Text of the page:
The Course Materials Initiative offers digital textbooks, often at a lower cost than the same books new in print. Photo by Mickey Kovich
Starting Spring 2016, the Course Materials Initiative was created in the hopes that it could reduce the price of textbooks while making them more accessible to students. It meant more integration of online resources in UMBC’s classrooms, and the Student Government Association supported the program. Now, nearly three years later, how is the UMBC community adapting to the use of these materials?
Since CMI’s debut, the UMBC Bookstore has periodically polled students regarding their thoughts on the program. Most students each year want more classes to use it. Many students praise the program for reducing the cost of supplies. “I wish all classes used it because I feel like your college tuition should come with books otherwise you can’t learn anything,” said Dya Stewart, a senior studying media and communications studies.
Materials included within CMI, such as Cengage, ALEKS and books within VitalSource, are included in students’ tuition. Once students complete the courses participating in CMI, their Ebooks on VitalSource will be accessible for three more years, and their ALEKS and WebAssign accounts for an additional two years. When asked how they felt about this issue, students generally agreed that having cheaper books was worth giving up a physical copy.
The UMBC Bookstore, as well as the AOK Library, still have physical copies of textbooks for students. Additionally, students are given the option to print their CMI books using print-on-demand should they want or need a physical book. However, students must also purchase this secondary printed copy of the text in addition to the cost paid in their tuition.
CMI has also assisted instructors since its debut. Professor Jordan White and Dr. Kalmen Nanes explained that they enjoyed knowing that their students should have the same materials before the first day of class. Furthermore, they thought it was beneficial for students to have access to their books in advance because it ensured that they would have a study aid throughout the year. White commented, “I feel like it could also be used to keep track of course material … It can be with you wherever you go. You can use it on your phone. You can use it on your computer. You don’t necessarily have to live around the book.”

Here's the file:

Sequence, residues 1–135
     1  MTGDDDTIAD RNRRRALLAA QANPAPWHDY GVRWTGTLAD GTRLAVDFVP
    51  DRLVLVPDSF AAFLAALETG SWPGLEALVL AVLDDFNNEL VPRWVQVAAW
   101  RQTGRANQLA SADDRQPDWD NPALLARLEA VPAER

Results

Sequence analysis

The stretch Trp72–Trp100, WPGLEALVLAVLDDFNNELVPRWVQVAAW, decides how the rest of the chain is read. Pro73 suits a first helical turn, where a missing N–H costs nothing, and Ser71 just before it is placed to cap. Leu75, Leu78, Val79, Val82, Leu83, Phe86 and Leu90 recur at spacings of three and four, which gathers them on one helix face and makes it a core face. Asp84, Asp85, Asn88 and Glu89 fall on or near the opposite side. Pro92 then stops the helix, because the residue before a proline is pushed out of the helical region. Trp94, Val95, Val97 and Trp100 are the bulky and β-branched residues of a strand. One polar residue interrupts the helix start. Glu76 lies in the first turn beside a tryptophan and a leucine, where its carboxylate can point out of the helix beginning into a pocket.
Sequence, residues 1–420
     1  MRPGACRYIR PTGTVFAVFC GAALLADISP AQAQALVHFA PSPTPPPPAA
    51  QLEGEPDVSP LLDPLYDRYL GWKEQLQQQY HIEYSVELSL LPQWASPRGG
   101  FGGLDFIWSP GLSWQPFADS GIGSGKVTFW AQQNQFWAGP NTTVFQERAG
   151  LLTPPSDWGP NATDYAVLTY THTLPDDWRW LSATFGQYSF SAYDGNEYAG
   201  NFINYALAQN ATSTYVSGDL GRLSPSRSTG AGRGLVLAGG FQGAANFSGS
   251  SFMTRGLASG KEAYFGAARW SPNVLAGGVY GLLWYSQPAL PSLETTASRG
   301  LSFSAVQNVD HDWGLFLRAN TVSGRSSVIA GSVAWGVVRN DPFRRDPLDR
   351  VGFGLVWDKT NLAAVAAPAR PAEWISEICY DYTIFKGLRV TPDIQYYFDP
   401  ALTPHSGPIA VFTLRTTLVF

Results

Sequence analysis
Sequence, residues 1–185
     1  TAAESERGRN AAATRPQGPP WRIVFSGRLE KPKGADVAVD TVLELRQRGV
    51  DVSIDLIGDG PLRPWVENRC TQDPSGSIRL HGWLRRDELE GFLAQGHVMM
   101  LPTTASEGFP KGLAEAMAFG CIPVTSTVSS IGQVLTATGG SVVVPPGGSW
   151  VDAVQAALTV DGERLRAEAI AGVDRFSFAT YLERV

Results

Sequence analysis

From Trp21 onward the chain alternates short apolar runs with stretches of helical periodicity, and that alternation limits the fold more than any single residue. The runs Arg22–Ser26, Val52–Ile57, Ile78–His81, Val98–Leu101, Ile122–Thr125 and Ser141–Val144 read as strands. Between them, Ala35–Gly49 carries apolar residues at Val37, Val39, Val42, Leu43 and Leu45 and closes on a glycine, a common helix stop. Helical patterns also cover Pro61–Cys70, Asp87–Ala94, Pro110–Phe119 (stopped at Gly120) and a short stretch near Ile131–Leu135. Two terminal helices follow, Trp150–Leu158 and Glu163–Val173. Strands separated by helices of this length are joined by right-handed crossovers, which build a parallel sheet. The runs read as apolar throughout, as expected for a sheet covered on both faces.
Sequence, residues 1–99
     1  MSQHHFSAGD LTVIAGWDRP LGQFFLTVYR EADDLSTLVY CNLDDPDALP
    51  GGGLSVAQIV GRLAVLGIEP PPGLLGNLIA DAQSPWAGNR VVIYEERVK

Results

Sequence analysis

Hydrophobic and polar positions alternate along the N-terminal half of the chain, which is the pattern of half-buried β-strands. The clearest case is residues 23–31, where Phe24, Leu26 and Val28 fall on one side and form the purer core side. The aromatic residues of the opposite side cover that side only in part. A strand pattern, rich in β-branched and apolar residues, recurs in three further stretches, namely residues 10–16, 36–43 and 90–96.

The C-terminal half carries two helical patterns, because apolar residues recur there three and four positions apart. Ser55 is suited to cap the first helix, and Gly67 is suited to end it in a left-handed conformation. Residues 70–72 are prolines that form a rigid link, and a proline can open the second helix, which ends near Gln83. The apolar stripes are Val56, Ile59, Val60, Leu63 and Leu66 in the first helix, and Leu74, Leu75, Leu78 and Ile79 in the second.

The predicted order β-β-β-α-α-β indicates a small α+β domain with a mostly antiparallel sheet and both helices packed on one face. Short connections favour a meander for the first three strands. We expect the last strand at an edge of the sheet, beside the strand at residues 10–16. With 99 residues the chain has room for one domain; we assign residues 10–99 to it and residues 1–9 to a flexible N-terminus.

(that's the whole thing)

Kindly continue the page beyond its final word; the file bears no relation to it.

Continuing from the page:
By allowing professors to incorporate online resources into their course curriculum through Blackboard, UMBC gave them a more streamlined means than they previously had to connect with today’s technology-dependent students. “It was cheap and gave student access from day one,” commented Dr. Eileen O’Brien, a senior lecturer in UMBC’s psychology department. “What I have learned is these students are very good at using a digital textbook alongside online labs and learning the content.“
Overall, students and staff both value having CMI as an option. UMBC wanted to be ahead of its fellow colleges by using digital content and making their textbooks more affordable for students — CMI has certainly achieved this. The integration of online technology into schools may be taking a new form, but from what the campus is saying, CMI is one program that should stay and grow.